Many people have become anxious from the dramatic jolts of the news cycle. The fears related to the coronavirus pandemic have understandably heightened a sense of uncertainty, fear, and loneliness. From your perspective can you help our readers to see the “Light at the End of the Tunnel”? Can you share your “5 Reasons To Be Hopeful During this Corona Crisis”? If you can, please share a story or example for each.

First, it’s caused us to slow down and allowed us to reconnect with one another. Many parents I know were living at a frenzied pace pre-COVID rushing from work to sports practices then hurrying home to get dinner on the table while simultaneously trying to help them with their homework before falling into bed exhausted. We’ve been there ourselves; with four children at three schools and two parents who both work outside the home we’ve lived the frenzied life. When COVID started to shut down activities I was coming off of a busy month of travel and our daughter’s track season was just starting which meant nearly every Saturday for the next 2.5 months would be spent at track meets (which last nearly all day). We were honestly a little relieved when our travel and activities were canceled and grateful to have some breathing room again. No travel, no sports, no activities outside the home. As things start to reopen post-COVID I think many of us will approach things more cautiously and be more discerning about the activities that we add back into our calendars.

Second, the work environment will likely change as well. Many employers have seen that work from home arrangements can be successful, and I believe we’ll see a lot more companies that are open to flexible work arrangements. I think there will also be more opportunities for employees to work remotely and take advantage of opportunities and advance without having to relocate their families.

Third, the world appears to have gotten a little smaller in all of this as well. We’ve learned that we can effectively bring New York musical theater and ballet into our homes. Ballet companies, fitness and yoga studios have pivoted to offer classes online. We can order wine and do a wine tasting with a sommelier or take a baking class with a pastry chef in our own kitchen. We can tour the Louvre, the Vatican, the National Gallery of Art, the Met, the British Museum and many more without having to leave our homes. We’ve seen a lot of creativity as businesses pivoted, and I think many companies are challenging the traditional model and finding new ways to reach the public.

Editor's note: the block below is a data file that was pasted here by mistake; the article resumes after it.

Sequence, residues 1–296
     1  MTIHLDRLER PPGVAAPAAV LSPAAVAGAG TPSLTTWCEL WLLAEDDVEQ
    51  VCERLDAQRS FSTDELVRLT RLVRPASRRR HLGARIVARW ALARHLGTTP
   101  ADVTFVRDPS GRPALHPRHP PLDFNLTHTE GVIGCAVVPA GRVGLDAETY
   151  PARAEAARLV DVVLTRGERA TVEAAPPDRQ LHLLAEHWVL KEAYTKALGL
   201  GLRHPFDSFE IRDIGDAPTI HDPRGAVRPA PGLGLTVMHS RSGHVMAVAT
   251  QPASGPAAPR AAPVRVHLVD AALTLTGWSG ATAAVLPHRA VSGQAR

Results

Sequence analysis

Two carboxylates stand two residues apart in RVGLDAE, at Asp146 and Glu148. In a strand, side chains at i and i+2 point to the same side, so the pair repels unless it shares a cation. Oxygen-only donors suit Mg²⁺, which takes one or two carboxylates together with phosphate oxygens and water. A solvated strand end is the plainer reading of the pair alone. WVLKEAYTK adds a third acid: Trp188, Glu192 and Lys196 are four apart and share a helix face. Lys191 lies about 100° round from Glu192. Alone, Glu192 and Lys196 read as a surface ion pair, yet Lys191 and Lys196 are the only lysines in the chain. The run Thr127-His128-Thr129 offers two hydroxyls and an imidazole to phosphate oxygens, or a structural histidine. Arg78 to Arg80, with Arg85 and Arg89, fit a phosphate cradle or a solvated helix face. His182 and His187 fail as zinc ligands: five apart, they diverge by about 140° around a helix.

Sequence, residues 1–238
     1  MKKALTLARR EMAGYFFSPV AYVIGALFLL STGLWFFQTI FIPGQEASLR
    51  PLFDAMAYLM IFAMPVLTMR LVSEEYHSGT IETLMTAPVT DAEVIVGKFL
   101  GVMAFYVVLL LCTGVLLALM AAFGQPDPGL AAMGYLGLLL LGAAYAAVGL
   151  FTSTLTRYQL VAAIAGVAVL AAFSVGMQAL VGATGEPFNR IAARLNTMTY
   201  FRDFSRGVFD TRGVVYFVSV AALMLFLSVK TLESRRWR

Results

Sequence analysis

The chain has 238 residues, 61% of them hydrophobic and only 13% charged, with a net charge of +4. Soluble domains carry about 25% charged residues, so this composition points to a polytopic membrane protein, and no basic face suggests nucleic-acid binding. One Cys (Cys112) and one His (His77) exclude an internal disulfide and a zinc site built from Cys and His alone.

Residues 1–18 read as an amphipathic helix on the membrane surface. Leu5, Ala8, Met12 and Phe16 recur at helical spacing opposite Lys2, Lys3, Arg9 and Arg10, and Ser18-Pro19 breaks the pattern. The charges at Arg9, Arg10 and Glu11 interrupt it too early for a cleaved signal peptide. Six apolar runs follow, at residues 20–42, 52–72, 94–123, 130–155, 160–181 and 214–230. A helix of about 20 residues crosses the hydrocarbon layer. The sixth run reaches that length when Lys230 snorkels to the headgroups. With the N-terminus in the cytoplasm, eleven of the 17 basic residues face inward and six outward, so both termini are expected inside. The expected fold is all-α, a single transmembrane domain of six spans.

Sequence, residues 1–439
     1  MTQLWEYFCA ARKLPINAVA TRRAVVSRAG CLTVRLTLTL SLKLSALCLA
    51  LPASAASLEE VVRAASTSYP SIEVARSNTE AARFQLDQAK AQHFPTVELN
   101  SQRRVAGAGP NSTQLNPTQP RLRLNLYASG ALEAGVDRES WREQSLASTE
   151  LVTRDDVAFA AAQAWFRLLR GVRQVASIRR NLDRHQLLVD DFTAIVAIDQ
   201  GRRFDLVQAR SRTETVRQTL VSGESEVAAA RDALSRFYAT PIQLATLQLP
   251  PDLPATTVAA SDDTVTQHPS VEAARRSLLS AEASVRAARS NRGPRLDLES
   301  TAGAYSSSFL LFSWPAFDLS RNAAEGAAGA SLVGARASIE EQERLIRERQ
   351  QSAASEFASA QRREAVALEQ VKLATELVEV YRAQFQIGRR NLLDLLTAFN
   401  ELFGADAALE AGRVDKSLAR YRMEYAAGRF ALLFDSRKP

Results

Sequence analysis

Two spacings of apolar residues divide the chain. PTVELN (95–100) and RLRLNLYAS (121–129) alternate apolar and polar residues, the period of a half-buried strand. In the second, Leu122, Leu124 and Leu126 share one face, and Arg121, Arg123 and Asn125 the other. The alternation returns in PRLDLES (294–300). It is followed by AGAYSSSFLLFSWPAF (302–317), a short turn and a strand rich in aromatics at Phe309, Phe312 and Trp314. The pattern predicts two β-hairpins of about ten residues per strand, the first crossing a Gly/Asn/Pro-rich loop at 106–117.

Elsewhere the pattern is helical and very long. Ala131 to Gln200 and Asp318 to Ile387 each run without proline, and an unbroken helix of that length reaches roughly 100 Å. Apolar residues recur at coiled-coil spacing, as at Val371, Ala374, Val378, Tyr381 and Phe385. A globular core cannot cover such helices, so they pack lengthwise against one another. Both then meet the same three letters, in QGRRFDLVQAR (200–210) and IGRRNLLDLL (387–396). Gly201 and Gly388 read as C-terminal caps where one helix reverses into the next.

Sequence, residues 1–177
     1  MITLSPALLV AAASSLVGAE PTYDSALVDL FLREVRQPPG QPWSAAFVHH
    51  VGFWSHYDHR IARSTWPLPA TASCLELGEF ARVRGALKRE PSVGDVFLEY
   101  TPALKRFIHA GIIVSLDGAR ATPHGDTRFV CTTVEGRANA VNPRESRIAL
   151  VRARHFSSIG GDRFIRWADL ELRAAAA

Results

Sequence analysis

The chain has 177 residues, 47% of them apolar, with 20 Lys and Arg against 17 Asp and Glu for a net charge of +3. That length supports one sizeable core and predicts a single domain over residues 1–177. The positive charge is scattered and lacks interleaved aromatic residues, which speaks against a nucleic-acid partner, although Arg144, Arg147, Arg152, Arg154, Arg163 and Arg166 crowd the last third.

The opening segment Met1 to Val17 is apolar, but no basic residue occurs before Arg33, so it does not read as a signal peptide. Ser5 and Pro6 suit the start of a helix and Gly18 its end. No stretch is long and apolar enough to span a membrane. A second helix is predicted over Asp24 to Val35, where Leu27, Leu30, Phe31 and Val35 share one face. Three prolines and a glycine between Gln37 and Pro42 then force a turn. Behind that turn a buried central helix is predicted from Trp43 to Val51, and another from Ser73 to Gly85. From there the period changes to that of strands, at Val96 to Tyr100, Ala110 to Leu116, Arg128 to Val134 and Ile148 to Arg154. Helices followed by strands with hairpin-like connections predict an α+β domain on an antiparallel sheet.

My fourth reason to be hopeful during COVID is that we’ve developed a greater appreciation for the outdoors and the simple life. Until this year my children have never known the kind of summer I enjoyed as a child. Because my husband and I have always worked outside the home we’ve relied on summer camps, sports and daycare during the summer. This summer was different, however; our children got to stay home all summer. They swam, built forts, made art projects and lounged lazily in front of the TV. We also camped, played soccer together and tossed a Frisbee. We even got a puppy this summer because, well, we’re actually home and can take the time to train it. Both of our youngest children have separately remarked that this was the best summer ever.

Finally, we’ve regained a community mindset. In the business of life many of us had our heads down in our devices barely taking notice of the members of our community except perhaps to wave and smile as we passed each other coming and going. Now that we’ve slowed down and in many cases are homebound we’ve reconnected and regained a community mindset, taking care of one another and looking out for each other. When COVID started to gain serious attention there was a run on toilet paper and food at many stores. Thankfully we had stocked up a few weeks before and since we have a large family we buy in bulk already. We could not find toilet paper at the store for three months. Toward the end of month 2 I commented to a friend during our church’s small group zoom call one week that we had not seen toilet paper on the shelf for months and were starting to run low and the following day her mother called asking if she could drop some off for us. As a senior citizen, she had early access to the stores and had been able to get toilet paper and had enough to share. Our neighbors offered us flour and baking supplies to make bread when we couldn’t find any at the store. We bought bottled water and supplies for the elderly and others did the same for us. Through the pain of COVID we’ve learned to look out for our neighbors again and take care of people in our neighborhoods and communities again. Now instead of “how are you”, we often hear “how can I help you” and “do you need anything”. This is something I hope we hold onto long after COVID has passed.